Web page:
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Fort Pierce, FL, United States

Bar-Joseph M.,GimlaoTec | Robertson C.,University of Florida | Hilf M.E.,Us Horticultural Research Laboratory | Dawson W.O.,University of Florida
Journal of Horticultural Science and Biotechnology | Year: 2011

We have developed a novel technique for grafting citrus seeds onto citrus rootstock plants that resulted in successful graft-take with normal vascular connections between the emerging seedling stem tissues and the rootstock plant.The method was found to be suitable for producing grafted plants from seeds of six cultivars and hybrids of Citrus and the citrus relative Murraya paniculata, using four common Citrus rootstocks. Plants produced by this method developed normally and were established in the field more rapidly than those produced by the common practice of grafting the rootstocks with budwood derived from seedlings prepared from seed in soil-based media. Seed grafting is expected to find a range of uses in breeding programmes; for example, by reducing the time required for the evaluation of hybrid seedlings, in cases where the female parent is mono-embryonic, for testing for vertical transmission of pathogens, and for screening for pathogen resistance among hybrid and mutagenised seed sources. Source

Wilson P.C.,University of Florida | Riiska C.,University of Florida | Albano J.P.,Us Horticultural Research Laboratory
Journal of Environmental Quality | Year: 2010

Commercial foliage plant production requires the use of pesticides for controlling pests and pathogens that can reduce aesthetic qualities of crops, rendering them unwanted by consumers. Chlorothalonil is a common, broad-spectrum, foliar fungicide used for protecting plants from a variety of fungal diseases. This fungicide may also be acutely toxic to nontarget aquatic organisms due to its mode of action. This study evaluated the amount of chlorothalonil deposited on nontarget ground surfaces during normal sprayer applications at a commercial nursery using Teflon targets. One day following application, irrigation runoff events were initiated and runoff water samples were collected and analyzed for chlorothalonil. Discharge volumes were also measured to allow estimation of the total mass of chlorothalonil discharged during each event. Results indicated that 9.8 to 53.6% of the active ingredient applied landed on nontarget ground surfaces depending on plant size, spacing, and row lengths (short rows sprayed from one side vs. longer rows sprayed from boThends). On an entire production-area scale, 29.2% of the active ingredient applied was deposited on ground surfaces. Of the total nontarget deposition, 0.25 to 0.53% was detected in runoff water discharged from the production area. Concentrations ranged from 1.2 to 500 μg/L during the first runoff events following application. Copyright © 2010 by the American Society of Agronomy. Source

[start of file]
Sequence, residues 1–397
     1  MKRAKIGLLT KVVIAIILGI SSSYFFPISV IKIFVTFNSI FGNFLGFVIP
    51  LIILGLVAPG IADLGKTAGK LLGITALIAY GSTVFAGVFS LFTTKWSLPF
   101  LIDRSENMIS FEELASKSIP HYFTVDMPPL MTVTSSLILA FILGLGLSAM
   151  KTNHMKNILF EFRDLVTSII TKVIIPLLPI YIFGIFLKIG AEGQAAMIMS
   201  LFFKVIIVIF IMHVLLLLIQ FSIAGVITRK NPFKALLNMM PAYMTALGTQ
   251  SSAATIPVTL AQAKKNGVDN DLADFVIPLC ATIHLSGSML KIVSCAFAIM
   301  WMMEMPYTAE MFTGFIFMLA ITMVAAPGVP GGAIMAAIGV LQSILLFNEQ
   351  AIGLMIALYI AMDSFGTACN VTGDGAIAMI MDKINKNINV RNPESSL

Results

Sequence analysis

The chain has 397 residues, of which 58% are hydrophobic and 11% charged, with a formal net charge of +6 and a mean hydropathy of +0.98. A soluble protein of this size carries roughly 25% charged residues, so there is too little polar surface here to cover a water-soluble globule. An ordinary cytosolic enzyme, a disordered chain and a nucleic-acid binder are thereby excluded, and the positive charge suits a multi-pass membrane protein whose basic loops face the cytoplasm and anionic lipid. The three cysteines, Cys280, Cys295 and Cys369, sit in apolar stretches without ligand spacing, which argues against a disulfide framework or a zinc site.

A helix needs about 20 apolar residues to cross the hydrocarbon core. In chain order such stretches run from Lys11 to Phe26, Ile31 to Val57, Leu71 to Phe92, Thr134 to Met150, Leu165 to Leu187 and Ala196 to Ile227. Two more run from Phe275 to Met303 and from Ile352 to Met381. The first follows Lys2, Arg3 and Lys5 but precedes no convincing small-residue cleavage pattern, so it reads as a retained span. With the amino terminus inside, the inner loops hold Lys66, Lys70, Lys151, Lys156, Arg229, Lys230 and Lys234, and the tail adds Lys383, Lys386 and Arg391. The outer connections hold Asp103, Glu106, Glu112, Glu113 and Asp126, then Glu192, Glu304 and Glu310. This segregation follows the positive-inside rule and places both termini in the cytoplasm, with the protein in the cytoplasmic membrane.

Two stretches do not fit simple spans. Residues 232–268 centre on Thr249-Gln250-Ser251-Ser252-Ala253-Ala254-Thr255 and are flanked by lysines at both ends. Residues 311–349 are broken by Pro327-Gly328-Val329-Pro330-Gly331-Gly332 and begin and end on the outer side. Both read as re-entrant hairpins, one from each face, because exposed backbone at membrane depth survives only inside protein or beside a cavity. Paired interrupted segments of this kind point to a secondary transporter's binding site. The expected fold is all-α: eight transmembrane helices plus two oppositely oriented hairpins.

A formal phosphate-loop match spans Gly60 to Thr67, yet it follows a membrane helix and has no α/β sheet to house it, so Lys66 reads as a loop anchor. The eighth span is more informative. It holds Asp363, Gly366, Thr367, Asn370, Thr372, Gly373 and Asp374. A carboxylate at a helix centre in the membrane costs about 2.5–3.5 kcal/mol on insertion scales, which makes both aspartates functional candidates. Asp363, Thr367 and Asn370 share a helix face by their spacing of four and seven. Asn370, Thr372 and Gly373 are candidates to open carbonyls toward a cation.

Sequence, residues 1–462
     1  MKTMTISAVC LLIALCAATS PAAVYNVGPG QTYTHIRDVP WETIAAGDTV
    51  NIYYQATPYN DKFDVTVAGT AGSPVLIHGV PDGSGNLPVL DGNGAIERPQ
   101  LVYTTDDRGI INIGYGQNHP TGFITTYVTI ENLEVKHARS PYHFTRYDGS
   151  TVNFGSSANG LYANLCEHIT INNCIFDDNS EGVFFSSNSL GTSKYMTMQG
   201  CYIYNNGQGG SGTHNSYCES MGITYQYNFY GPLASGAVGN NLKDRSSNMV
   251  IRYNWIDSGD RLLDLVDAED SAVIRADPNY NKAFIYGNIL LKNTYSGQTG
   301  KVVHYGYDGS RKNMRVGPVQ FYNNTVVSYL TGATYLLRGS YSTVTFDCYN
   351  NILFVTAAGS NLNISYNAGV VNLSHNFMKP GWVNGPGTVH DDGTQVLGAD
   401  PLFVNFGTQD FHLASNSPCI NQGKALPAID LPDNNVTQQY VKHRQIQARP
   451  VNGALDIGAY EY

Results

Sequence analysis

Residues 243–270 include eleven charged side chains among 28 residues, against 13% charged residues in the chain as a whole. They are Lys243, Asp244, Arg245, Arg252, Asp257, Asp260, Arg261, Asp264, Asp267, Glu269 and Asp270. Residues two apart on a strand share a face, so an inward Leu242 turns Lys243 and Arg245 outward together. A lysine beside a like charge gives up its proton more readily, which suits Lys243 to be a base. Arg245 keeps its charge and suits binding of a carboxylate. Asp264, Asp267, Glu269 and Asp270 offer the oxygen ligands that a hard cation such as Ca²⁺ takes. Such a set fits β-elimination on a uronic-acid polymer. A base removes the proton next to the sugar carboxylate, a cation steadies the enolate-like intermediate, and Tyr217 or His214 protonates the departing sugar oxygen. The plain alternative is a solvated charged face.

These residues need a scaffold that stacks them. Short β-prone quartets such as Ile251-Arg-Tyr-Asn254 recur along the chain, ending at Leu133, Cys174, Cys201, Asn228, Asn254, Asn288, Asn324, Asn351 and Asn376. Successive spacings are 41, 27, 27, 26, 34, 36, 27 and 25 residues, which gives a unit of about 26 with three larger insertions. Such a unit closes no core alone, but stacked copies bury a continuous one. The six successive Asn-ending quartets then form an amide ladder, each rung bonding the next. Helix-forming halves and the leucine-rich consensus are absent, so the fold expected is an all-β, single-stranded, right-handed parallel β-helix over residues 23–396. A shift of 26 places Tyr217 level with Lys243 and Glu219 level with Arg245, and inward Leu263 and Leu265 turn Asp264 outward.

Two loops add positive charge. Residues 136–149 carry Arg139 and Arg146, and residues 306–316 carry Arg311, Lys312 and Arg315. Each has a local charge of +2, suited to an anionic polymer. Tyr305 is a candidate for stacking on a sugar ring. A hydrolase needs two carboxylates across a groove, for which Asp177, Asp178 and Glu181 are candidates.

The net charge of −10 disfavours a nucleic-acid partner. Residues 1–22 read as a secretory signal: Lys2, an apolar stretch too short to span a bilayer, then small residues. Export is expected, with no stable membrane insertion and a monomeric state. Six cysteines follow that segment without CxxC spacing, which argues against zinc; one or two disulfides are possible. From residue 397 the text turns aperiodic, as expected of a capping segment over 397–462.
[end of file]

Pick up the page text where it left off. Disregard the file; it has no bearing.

Kumar V.,University of Florida | Seal D.R.,University of Florida | Kakkar G.,University of Florida | McKenzie C.L.,Us Horticultural Research Laboratory | Osborne L.S.,Mid Florida Research and Education Center
Florida Entomologist | Year: 2012

During scouting and sampling various of plant species at different commercial nurseries in Miami- Dade County, Florida, 12 different crops were found to be economically affected by S. dorsalis in a commercial nursery. An open free choice host susceptibility test was conducted on 6 fruit hosts from the nursery. Canistel, mango, sapodilla and miracle fruit were found to be most affected among the fruit hosts with maximum damage ratings of 2.78, 2.67, 1.67 and 0.77 respectively. Since the host range of this pest is expanding, a careful monitoring and sampling protocols, especially of potted plants, should be diligently implemented to prevent and retard its distribution in different regions. Source

Kumar V.,Tropical Research and Education Center | Seal D.R.,Tropical Research and Education Center | Schuster D.J.,Gulf Coast Research and Education Center | McKenzie C.,Us Horticultural Research Laboratory | And 3 more authors.
Florida Entomologist | Year: 2011